The following was forwarded to us from the Humanitarian Law Center in
Belgrade. It recounts the story of one brave Serb woman who drove to
Pristina, retrieved three Albanians (two were members of the HLC staff in
Pristina) and returned with them safely to Belgrade.

HUMANITARIAN LAW CENTER

Natasa Kandic
YHRF #8
Monday and Tuesday in Kosovo
29 and 30 March 1999
I reached Pristina before nightfall. I could not get to the HLC
office. The building is opposite the Police Department and prison and
the front entrance was locked. Someone inside said, *We don*t know you
and we won*t open the door.* By his accent, I knew the man was Serb and
he must have known by mine that I was Serb too. I knew that the
residents were Serb and Albanian and I saw their determination to allow
no strangers into the building as the good side of Pristina. I went
round the back and saw guards at the entrance of the neighboring
building. Several men were standing behind neatly stacked sandbags. I
spoke with them and learned that they were Serb and Albanian residents
of the building and that they were guarding their homes. They had
agreed that Serbs would defend Albanians from the police, the Albanians
would defend Serbs from the KLA and all would defend themselves from
paramilitaries and other bands. When air raid warnings are sounded,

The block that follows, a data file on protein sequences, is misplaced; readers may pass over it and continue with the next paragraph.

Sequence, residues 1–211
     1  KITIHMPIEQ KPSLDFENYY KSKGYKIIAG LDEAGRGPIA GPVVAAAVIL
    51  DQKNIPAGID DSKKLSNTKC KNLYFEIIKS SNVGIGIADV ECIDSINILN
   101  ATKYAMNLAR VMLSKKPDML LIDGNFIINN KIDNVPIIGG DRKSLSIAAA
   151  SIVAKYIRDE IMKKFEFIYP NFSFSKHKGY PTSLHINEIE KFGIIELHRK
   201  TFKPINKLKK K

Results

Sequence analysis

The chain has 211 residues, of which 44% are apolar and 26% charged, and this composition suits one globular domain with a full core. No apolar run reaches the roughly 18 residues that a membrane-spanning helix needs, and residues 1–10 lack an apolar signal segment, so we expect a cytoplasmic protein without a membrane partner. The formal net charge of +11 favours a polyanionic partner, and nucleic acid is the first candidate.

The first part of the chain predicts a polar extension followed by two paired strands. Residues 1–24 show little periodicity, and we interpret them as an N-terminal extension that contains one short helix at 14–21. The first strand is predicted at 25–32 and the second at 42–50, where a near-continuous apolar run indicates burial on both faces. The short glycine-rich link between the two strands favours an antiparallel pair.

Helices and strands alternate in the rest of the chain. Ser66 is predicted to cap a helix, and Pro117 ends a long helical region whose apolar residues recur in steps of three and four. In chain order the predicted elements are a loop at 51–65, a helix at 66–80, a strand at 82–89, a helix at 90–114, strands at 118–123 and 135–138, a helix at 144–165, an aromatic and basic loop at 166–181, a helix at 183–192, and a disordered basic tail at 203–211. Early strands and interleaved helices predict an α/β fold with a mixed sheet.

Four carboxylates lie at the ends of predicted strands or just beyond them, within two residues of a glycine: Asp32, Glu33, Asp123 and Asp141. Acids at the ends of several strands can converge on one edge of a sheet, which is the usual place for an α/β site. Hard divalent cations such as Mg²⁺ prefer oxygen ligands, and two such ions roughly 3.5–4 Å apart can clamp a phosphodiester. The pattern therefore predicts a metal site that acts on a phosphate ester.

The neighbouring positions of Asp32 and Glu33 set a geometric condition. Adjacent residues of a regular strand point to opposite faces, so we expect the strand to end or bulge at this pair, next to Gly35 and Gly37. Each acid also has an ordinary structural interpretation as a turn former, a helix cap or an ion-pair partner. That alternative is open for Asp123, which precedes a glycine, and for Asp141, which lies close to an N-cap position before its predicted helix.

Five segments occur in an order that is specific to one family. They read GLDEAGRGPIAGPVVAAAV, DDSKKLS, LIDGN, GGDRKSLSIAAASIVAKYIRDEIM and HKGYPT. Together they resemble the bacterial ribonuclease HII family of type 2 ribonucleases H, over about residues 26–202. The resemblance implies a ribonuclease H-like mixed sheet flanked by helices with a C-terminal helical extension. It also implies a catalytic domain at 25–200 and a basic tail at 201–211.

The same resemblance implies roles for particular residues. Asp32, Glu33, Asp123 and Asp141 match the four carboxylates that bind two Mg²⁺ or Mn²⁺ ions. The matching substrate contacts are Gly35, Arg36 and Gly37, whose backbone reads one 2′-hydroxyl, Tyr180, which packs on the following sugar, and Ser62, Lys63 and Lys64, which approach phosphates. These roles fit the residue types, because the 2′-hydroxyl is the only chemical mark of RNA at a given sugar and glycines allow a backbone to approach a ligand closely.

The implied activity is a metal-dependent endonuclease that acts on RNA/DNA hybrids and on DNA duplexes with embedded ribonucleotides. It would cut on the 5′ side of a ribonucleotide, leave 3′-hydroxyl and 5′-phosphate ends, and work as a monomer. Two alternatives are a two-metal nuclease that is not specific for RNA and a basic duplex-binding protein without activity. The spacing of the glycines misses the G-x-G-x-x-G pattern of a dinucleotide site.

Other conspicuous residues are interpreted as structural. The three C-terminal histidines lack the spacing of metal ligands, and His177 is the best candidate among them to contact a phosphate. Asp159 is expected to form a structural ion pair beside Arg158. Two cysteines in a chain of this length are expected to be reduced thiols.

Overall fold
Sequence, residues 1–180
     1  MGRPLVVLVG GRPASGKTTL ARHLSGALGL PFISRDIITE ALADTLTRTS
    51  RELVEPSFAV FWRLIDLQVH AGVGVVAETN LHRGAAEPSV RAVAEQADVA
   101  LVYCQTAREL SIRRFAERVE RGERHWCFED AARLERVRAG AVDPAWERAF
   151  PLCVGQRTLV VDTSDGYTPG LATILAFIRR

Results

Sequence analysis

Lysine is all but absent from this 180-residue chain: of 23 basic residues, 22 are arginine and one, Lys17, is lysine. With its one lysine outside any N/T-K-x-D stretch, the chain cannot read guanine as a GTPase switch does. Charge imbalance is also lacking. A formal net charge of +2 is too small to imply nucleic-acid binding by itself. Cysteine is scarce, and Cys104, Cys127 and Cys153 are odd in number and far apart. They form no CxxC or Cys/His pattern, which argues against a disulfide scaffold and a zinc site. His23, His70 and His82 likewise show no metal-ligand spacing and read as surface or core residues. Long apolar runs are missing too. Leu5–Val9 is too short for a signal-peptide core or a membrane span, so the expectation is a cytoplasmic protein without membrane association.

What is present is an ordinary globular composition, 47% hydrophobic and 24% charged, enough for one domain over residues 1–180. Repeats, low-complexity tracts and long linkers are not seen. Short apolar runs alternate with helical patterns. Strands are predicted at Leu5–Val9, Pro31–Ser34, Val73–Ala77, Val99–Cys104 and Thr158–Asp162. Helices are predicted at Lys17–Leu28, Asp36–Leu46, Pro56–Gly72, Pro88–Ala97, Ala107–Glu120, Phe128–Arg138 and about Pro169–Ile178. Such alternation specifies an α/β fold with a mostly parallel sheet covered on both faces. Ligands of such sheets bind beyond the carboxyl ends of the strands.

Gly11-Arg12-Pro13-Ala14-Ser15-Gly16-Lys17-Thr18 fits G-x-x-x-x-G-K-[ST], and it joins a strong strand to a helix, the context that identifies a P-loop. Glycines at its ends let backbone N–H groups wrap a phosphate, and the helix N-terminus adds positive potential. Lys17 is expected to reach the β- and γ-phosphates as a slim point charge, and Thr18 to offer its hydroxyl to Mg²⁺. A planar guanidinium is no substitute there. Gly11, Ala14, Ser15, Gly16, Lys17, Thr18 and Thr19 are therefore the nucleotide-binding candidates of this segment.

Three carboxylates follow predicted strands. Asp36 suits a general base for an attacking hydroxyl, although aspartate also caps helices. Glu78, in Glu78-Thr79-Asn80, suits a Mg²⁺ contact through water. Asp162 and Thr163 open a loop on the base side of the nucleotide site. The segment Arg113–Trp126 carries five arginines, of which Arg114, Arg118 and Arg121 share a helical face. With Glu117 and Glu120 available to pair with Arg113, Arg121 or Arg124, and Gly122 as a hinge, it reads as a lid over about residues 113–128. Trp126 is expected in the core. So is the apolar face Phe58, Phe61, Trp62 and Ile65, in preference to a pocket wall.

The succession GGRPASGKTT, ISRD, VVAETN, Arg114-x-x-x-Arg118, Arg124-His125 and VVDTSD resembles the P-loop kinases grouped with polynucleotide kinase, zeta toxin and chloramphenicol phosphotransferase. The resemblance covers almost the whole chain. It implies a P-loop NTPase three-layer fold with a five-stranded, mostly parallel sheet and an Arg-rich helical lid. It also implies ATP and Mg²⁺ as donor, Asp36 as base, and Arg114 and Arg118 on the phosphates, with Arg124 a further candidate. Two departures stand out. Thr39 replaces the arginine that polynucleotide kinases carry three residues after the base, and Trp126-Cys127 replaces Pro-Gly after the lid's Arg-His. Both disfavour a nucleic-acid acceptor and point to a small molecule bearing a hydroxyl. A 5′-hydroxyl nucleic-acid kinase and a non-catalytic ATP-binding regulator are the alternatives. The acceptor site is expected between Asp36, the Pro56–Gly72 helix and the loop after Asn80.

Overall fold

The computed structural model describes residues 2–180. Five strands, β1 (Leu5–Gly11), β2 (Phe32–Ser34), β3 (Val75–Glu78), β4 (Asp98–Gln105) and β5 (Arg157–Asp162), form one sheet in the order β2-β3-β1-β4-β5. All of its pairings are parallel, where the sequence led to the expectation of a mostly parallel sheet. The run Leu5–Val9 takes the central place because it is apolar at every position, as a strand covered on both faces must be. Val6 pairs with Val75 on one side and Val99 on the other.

everyone goes down to the shelter except those standing guard.
>From there I went to Nora*s. I had just arrived when a weeping neighbor
rushed into the apartment: *They have taken our car.* Three men in
police uniform had come, she said, forced open the car door and drove it
away. *Better the car than your son,* said Nora*s father. I dialed over
20 phone numbers. Most phones were not working. It was quiet until 4
a.m. Then there were explosions, followed by silence.
When day broke, I went to see some friends. The Keljmendis phone was
cut off. Bajram Keljmendi*s shingle was still on the door of his law
office. Neighbors told me they hadn*t seen his wife Nekibe since the
burial of Bajram and their sons. I asked them to give her my regards.
Then, together with Nora, a relation of Fehmi Agani and a driver from
Belgrade, I made my way to Dragodan, Fehmi Agani*s neighborhood. When
we reached it, we were stopped by police. They asked to see our papers
and when they saw that Nora and Arsim were Albanian, the one in charge
ordered them out of the car. I got out too, saying we all worked for
the same organization and were looking for a friend. The officer
replied that Albanians no longer worked in Serbia and should be on their
way to Macedonia. I asked since when police had the authority to fire
people and he yelled at me to get back in the car and shut up. I sat on
the seat, leaving the door open and my legs outside the car. He slammed
the door against my legs, saying Serbia was being ruined by such Serbs.
The one in charge called someone over his Motorola. This lasted about
10 minutes and then he waved us on. We made our way back to the center,
hardly believing that we had got off so lightly. We drove through side
streets to the Suncani Breg district. On the way, we saw wrecked and